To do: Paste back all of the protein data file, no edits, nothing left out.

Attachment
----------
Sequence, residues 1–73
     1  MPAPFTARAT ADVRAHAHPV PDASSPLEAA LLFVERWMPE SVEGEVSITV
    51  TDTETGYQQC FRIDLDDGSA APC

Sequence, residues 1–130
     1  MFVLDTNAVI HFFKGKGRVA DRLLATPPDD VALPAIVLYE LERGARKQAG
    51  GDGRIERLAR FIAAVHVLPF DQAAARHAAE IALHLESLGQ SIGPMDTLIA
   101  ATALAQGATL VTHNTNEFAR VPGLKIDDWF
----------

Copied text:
Sequence, residues 1–73
     1  MPAPFTARAT ADVRAHAHPV PDASSPLEAA LLFVERWMPE SVEGEVSITV
    51  TDTETGYQQC FRIDLDDGSA APC

Sequence, residues 1–130
     1  MFVLDTNAVI HFFKGKGRVA DRLLATPPDD VALPAIVLYE LERGARKQAG
    51  GDGRIERLAR FIAAVHVLPF DQAAARHAAE IALHLESLGQ SIGPMDTLIA
   101  ATALAQGATL VTHNTNEFAR VPGLKIDDWF